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July 29, 2004

Governor signs Illinois Hunting Heritage Protection Act
Legislation encourages maintaining and enhancing recreational hunting opportunities on public lands in Illinois

SPRINGFIELD - Governor Rod R. Blagojevich today signed the Illinois Hunting Heritage Protection Act (Senate Bill 2156), which provides that the Illinois Department of Natural Resources support, promote and enhance recreational hunting on lands it manages, and work to maintain and enhance the amount of land acreage available for hunting opportunities in Illinois.
“This new law recognizes the important role hunters and trappers play in conserving wildlife, habitats and the ecosystems on which wildlife depend, while at the same enjoying a form of outdoor recreation that has been part of our state’s heritage from its founding,” Governor Blagojevich said.  “Recreational hunting is perhaps the most important component of effective wildlife management, and this legislation helps remind us of the importance of our hunting heritage.”
Sponsored by Sen. John O. Jones (D-Mt. Vernon) and Rep. William J. Grunloh (D-Effingham), SB 2156 requires that lands managed by the Department of Natural Resources be open to access and use of recreational hunting, except when limited for reasons of public safety, fish and wildlife management, homeland security, or where otherwise limited by law.  The legislation also requires that the Department support, promote, and enhance recreational hunting and, to the greatest extent possible, not take actions which result in any net loss of land available to hunting.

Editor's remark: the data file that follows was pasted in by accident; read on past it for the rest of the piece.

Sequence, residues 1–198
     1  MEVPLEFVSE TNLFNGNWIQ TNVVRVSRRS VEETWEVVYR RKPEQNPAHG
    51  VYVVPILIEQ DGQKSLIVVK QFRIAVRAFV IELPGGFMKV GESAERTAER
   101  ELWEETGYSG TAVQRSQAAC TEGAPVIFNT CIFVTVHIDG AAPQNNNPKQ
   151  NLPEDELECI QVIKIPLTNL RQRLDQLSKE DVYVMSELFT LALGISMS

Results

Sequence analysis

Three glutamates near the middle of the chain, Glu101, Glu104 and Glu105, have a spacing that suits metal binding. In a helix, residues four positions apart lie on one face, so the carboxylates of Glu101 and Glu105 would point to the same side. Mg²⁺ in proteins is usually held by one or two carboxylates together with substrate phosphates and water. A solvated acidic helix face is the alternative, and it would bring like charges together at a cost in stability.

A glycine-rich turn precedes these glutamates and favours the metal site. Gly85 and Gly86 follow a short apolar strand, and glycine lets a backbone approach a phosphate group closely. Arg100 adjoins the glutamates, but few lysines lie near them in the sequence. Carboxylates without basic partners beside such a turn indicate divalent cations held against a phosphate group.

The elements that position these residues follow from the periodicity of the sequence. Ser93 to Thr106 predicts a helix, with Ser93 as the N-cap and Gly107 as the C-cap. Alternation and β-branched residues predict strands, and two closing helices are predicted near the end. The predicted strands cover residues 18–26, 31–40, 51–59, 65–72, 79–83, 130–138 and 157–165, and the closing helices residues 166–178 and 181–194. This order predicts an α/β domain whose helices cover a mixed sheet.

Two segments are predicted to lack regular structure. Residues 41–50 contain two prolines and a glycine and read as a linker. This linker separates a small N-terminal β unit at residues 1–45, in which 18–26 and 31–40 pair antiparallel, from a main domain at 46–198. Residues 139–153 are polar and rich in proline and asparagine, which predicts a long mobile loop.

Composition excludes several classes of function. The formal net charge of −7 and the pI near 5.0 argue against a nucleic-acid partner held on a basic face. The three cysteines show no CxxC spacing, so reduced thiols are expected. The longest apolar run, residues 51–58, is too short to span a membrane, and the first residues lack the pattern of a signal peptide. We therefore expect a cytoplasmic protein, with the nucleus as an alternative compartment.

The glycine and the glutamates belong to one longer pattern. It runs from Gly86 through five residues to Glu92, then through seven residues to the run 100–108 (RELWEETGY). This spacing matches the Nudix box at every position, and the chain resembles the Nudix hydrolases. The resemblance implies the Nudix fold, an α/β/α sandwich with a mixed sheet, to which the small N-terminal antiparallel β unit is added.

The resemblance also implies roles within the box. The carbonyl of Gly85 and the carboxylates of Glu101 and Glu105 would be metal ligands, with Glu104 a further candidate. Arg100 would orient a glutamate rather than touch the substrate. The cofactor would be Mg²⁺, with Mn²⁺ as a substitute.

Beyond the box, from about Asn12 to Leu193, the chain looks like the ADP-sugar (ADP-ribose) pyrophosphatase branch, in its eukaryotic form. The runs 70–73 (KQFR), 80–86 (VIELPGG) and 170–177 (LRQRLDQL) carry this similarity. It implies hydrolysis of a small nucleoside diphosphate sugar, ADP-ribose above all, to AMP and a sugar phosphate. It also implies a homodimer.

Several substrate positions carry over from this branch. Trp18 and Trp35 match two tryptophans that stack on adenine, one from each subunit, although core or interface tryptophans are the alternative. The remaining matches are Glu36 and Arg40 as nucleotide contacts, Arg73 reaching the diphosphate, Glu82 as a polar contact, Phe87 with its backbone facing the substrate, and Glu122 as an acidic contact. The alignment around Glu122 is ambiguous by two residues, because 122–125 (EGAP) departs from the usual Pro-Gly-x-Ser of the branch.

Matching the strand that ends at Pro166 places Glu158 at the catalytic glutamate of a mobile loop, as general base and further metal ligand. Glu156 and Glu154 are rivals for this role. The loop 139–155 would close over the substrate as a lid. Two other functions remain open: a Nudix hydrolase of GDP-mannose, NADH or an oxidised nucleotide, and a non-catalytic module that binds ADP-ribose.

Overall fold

The new law also requires that the Department report annually whether any acreage it manages is closed to hunting and whether other lands are opened to hunting to compensate.
“We are always looking for ways to expand public access to hunting and other forms of outdoor recreation.  One of our duties as a wildlife management and natural resources agency is to recognize, preserve, and promote our special heritage of recreational hunting and trapping and this new law supports that,” said Department of Natural Resources Director Joel Brunsvold.
The law will take effect Jan. 1, 2005.


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